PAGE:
This can sometimes hurt him when he faces a tactical ideologue, such as Xavi, whose Barcelona side swept Real 4-0 in the most recent Clasico. Ancelotti’s tactics were widely criticised as dated and directionless compared with Xavi’s strong philosophy of play.

“I tried to push up and it hasn’t come off, my fault,” Ancelotti said after the defeat. “When they advanced, we lost control. It’s a blow, we have lost a battle, but we don’t have to make a drama out of this match. We have to forget it and look forward.”

The defeat didn’t affect the title race. And while Ancelotti’s football may not always compare favourably with managers on the tactical frontier of the sport, nobody can deny that he is an astute operator with a long-forgotten trick or two up his sleeve.

Should Real win the Champions League this season, Ancelotti will have overseen wins over sides managed by Thomas Tuchel, Pep Guardiola and Jurgen Klopp — widely recognised as the most brilliant coaching minds in modern football. Not bad for a manager seemingly behind the times.

Ancelotti’s speciality lies in getting a group of world-class footballers to set their egos aside for long enough to gel together and express themselves on the pitch. Players who work under him talk about his emotional balance, sense of humour and genuine warmth.

“As a player you feel comfortable because you sense that the coach is ready to make his methods available,” former Germany and Bayern captain Philipp Lahm wrote in the Guardian. “That is why he is successful everywhere. As Real’s coach, he is aware that a debacle can happen, like the 4-0 defeat against Barcelona. Genius is simply not available in every game. Ancelotti knows that and the players know that he knows it. They support each other because he is one of them.”

Vinicius’ transformation

Adept at finding quick fixes, Ancelotti is also known for his ability to get the best out of attacking talent. At the top of Ancelotti’s successes this season has been the transformation of Vinicius Junior from an exciting but erratic young prospect to one of the world’s most clinical forwards.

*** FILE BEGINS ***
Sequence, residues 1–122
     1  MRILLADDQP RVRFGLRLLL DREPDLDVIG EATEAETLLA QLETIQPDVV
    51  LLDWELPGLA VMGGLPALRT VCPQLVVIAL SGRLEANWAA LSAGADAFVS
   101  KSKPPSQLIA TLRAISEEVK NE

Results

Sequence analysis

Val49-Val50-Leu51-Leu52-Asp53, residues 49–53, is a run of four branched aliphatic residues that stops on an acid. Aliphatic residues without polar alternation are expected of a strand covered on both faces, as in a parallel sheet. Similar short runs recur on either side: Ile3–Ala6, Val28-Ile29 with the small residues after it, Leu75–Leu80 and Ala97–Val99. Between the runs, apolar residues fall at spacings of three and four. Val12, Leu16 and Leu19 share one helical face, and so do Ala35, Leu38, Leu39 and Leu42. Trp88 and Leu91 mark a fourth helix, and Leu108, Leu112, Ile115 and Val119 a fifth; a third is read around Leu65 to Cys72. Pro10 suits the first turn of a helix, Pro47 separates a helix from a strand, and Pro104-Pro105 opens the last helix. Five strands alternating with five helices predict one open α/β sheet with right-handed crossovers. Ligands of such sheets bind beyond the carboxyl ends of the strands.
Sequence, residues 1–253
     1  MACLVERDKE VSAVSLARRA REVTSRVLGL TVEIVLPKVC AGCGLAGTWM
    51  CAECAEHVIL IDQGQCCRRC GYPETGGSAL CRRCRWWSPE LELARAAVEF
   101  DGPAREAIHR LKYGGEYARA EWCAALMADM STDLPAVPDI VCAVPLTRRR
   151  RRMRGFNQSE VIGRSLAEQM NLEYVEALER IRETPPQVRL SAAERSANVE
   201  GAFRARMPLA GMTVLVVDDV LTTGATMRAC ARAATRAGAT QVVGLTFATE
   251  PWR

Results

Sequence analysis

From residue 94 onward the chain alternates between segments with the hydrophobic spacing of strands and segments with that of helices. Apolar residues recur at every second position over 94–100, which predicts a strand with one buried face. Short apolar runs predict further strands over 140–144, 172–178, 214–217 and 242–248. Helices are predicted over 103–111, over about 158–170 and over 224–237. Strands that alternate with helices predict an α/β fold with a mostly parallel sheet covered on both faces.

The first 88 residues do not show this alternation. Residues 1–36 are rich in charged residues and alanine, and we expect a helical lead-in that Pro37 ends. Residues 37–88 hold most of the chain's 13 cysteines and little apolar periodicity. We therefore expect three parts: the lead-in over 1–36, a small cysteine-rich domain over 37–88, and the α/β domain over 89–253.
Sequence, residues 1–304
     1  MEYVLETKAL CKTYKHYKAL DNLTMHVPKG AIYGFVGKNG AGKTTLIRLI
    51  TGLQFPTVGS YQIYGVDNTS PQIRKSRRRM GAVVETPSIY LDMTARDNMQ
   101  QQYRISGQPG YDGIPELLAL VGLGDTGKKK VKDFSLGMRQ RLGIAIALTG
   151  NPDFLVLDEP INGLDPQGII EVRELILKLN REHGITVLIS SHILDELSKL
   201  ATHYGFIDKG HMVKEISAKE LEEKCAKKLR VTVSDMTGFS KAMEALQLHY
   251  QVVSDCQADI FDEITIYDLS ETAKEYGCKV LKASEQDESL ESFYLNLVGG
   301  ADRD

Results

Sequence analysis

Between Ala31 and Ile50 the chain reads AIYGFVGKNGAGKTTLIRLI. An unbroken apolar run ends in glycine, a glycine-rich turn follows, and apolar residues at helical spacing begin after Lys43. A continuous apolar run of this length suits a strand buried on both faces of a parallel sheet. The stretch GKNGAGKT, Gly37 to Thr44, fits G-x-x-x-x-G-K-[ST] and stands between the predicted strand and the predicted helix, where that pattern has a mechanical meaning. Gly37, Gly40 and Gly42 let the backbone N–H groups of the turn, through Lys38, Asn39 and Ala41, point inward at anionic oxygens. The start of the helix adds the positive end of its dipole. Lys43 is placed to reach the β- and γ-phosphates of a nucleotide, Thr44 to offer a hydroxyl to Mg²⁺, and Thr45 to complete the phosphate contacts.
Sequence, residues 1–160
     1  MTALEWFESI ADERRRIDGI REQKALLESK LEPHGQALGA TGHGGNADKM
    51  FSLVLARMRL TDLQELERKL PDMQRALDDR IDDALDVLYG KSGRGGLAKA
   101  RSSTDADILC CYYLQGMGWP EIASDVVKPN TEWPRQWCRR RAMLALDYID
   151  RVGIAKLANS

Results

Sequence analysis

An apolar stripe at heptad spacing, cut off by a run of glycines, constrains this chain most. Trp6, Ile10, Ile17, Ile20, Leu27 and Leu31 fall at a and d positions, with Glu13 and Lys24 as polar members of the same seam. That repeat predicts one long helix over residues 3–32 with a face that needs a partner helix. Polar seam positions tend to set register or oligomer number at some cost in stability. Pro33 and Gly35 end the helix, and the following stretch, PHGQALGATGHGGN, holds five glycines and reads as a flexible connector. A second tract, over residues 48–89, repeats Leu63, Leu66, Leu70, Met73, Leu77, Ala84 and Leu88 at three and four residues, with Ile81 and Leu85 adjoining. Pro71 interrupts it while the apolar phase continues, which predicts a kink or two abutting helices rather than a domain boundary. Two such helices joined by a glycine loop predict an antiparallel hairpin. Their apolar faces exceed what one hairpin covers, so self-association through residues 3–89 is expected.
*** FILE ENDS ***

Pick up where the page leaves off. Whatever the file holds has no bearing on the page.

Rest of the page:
Karim Benzema has hit a new, stratospheric level under Ancelotti, continuing his upward trajectory since Cristiano Ronaldo’s departure in 2018. The Italian has also shored up the defence. The departures of Sergio Ramos and Raphael Varane broke up a long-established partnership but the performances of Eder Militao and David Alaba have ensured neither has been missed.

There has been criticism of Ancelotti — of Madrid’s counter-attacking style, his lack of rotation — but he has stayed in control of the narrative. The results have helped a great deal — the sheer technical quality of his players has bailed him out of many a spot — but equally he has shown he can evolve. His coaching staff is more modern. There is an increased emphasis on physical preparation — the performances of Luka Modric, the 36-year-old Croatian, has been the most resounding riposte to early concerns about Ancelotti’s lack of rotation.

A LaLiga-Champions League double should be enough to convince Perez that Ancelotti is worth a second season, especially with Kylian Mbappe expected to join in the summer. If there is a parting of ways, after defeat in the Champions League final, it is unlikely to be bitter. With the league title won, both parties would consider the appointment a success.

Ancelotti has said he will “probably stop” after his time in Madrid. He has, after all, achieved everything there is to achieve as a club manager. But he admitted he could be tempted by an opportunity to coach a national team at the World Cup. You can be sure his suitcase will be ready.